The Jewish Daily Forward welcomes reader comments in order to promote thoughtful discussion on issues of importance to the Jewish community. In the interest of maintaining a civil forum, The Jewish Daily Forwardrequires that all commenters be appropriately respectful toward our writers, other commenters and the subjects of the articles. Vigorous debate and reasoned critique are welcome; name-calling and personal invective are not. While we generally do not seek to edit or actively moderate comments, our spam filter prevents most links and certain key words from being posted and The Jewish Daily Forward reserves the right to remove comments for any reason.




Find us on Facebook!
  • “This is a dangerous region, even for people who don’t live there and say, merely express the mildest of concern about the humanitarian tragedy of civilians who have nothing to do with the warring factions, only to catch a rash of *** (bleeped) from everyone who went to your bar mitzvah! Statute of limitations! Look, a $50 savings bond does not buy you a lifetime of criticism.”
  • That sound you hear? That's your childhood going up in smoke.
  • "My husband has been offered a terrific new job in a decent-sized Midwestern city. This is mostly great, except for the fact that we will have to leave our beloved NYC, where one can feel Jewish without trying very hard. He is half-Jewish and was raised with a fair amount of Judaism and respect for our tradition though ultimately he doesn’t feel Jewish in that Larry David sort of way like I do. So, he thinks I am nuts for hesitating to move to this new essentially Jew-less city. Oh, did I mention I am pregnant? Seesaw, this concern of mine is real, right? There is something to being surrounded by Jews, no? What should we do?"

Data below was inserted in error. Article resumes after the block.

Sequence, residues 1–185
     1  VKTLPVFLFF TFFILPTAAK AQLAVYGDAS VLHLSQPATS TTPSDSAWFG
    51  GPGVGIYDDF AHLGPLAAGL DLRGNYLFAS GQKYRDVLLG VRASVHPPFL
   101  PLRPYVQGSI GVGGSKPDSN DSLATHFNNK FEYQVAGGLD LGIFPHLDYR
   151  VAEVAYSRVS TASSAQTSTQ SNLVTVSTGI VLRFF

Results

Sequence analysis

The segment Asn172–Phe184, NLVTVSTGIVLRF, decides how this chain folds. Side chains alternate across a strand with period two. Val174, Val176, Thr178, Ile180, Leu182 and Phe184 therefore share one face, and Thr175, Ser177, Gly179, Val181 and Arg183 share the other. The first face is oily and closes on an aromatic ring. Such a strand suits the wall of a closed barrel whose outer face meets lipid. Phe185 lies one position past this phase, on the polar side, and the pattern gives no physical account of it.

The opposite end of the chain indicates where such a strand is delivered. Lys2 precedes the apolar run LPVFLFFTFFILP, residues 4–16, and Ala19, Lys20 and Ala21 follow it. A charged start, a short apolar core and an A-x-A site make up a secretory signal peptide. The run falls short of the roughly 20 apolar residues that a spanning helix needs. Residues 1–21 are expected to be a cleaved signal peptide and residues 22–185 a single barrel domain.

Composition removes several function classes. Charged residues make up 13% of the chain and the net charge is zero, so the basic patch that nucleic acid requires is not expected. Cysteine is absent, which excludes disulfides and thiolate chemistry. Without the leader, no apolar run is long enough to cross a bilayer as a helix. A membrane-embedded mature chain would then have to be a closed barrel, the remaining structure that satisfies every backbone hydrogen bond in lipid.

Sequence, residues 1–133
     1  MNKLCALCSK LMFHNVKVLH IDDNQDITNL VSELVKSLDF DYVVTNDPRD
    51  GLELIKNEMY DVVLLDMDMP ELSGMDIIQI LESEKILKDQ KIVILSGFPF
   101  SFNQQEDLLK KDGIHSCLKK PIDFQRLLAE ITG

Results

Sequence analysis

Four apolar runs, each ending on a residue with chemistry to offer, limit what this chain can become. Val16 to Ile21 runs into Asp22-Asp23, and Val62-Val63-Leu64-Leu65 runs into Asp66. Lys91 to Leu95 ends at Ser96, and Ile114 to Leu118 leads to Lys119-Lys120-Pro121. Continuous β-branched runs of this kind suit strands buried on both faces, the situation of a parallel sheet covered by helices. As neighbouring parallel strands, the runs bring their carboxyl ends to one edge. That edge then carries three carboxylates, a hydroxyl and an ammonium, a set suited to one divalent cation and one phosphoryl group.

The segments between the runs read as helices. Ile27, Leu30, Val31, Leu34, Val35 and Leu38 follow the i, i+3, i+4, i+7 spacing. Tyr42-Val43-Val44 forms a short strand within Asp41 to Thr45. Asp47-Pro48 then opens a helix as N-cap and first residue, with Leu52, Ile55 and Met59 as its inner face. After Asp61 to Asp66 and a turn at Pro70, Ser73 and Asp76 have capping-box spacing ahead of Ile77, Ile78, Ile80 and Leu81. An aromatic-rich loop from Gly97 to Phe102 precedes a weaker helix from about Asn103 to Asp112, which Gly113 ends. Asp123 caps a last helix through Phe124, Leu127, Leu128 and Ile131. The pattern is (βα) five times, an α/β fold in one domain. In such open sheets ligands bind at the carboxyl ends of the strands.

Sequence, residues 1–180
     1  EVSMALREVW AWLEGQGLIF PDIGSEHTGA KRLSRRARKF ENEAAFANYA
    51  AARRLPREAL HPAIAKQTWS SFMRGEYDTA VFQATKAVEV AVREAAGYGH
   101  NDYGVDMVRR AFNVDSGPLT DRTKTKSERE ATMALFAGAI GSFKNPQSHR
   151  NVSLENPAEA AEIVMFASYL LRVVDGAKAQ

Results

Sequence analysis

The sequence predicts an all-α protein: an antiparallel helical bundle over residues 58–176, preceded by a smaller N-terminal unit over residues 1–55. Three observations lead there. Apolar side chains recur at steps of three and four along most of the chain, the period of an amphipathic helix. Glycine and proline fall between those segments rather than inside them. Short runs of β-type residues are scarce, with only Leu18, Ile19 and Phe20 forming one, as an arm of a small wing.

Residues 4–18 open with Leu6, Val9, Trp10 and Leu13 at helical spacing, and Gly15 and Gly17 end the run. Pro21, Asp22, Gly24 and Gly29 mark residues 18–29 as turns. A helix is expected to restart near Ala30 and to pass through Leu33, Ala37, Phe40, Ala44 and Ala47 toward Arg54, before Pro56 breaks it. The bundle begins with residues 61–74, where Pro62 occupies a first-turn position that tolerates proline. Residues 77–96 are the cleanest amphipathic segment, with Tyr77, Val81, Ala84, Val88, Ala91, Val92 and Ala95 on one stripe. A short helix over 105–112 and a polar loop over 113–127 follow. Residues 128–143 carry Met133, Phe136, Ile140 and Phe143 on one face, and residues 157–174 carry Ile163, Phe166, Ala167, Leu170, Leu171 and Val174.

• "Orwell described the cliches of politics as 'packets of aspirin ready at the elbow.' Israel's 'right to defense' is a harder narcotic."
  • From Gene Simmons to Pink — Meet the Jews who rock:
  • The images, which have since been deleted, were captioned: “Israel is the last frontier of the free world."
  • As J Street backs Israel's operation in Gaza, does it risk losing grassroots support?
  • What Thomas Aquinas might say about #Hamas' tunnels:
  • The Jewish bachelorette has spoken.
  • "When it comes to Brenda Turtle, I ask you: What do you expect of a woman repressed all her life who suddenly finds herself free to explore? We can sit and pass judgment, especially when many of us just simply “got over” own sexual repression. But we are obliged to at least acknowledge that this problem is very, very real, and that complete gender segregation breeds sexual repression and unhealthy attitudes toward female sexuality."
  • "Everybody is proud of the resistance. No matter how many people, including myself, disapprove of or even hate Hamas and its ideology, every single person in Gaza is proud of the resistance." Part 2 of Walid Abuzaid's on-the-ground account of life in #Gaza:
  • After years in storage, Toronto’s iconic red-and-white "Sam the Record Man" sign, complete with spinning discs, will return to public view near its original downtown perch. The sign came to symbolize one of Canada’s most storied and successful Jewish family businesses.
  • Is $4,000 too much to ask for a non-member to be buried in a synagogue cemetery?
  • "Let’s not fall into the simplistic us/them dichotomy of 'we were just minding our business when they started firing rockets at us.' We were not just minding our business. We were building settlements, manning checkpoints, and filling jails." What do you think?
  • from-cache

Would you like to receive updates about new stories?




















We will not share your e-mail address or other personal information.

Already subscribed? Manage your subscription.